The median house price for middle Melbourne suburbs has dropped to its lowest level in three years, creating upsizing opportunities for buyers, according to new research from the Real Estate Institute of Victoria.
The REIV June quarterly data report has revealed suburbs located in middle Melbourne — 10–20km from the CBD — have reported a median house price of $894,000.
This marks the lowest it’s been since the September 2016 quarter and is down by 1.8 per cent from $910,000 in the March 2019 quarter.
REIV president Robyn Waters said the decline has created upsizing opportunities for buyers looking to buy into some of the city’s most sought-after postcodes.
“The Melbourne property market correction has created ideal opportunities for those wanting to ‘trade up’ into coveted middle Melbourne areas such as Eltham, Forest Hill and Mitcham, which all share a median house price of $887,500. Meanwhile, a house in Greensborough and Heidelberg Heights will set you back by $740,000 and Vermont’s median house price is $837,000,” Ms Waters said.
“Two recent interest rate cuts and APRA’s advice to relax lending standards are among the factors that have cultivated an environment conducive to upsizing.
“Looking at the overall figures for the 2018–19 financial year, Melbourne’s median house price fell by 2.4 per cent to $785,000 while the unit median remained unchanged at $590,000.”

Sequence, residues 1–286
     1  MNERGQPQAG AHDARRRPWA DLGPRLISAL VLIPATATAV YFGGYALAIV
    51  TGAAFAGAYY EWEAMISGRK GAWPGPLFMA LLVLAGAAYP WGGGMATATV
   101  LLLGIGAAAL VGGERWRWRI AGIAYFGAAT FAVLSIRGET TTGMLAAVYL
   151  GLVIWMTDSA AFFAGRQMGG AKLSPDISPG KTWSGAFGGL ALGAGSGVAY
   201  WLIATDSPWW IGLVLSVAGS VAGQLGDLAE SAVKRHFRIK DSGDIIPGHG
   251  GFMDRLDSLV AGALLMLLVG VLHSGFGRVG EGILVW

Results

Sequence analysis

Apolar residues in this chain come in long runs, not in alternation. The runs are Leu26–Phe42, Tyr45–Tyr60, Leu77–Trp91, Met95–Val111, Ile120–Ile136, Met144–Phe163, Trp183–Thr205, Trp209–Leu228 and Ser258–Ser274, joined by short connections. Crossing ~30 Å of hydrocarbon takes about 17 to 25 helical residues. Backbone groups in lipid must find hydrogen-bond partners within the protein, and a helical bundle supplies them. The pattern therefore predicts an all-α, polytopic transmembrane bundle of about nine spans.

Oppositely, regional Victoria has seen a median house price increase of 3.8 per cent, according to Ms Waters.
“Regional Victoria has done well in the past financial year, and the top five towns for annual median house price growth have retained their positions for the second consecutive quarter,” she said.
“Wonthaggi has been a standout, recording a 21.7 increase in its median house price over the past financial year to $365,000, while Redan’s median increased by 17 per cent and Wendouree was just behind with a 16.8 per cent increase.
“With auction clearance rates at their highest levels in well over a year and other incentivising factors in the market, the REIV expects the market will continue to pick up in spring.”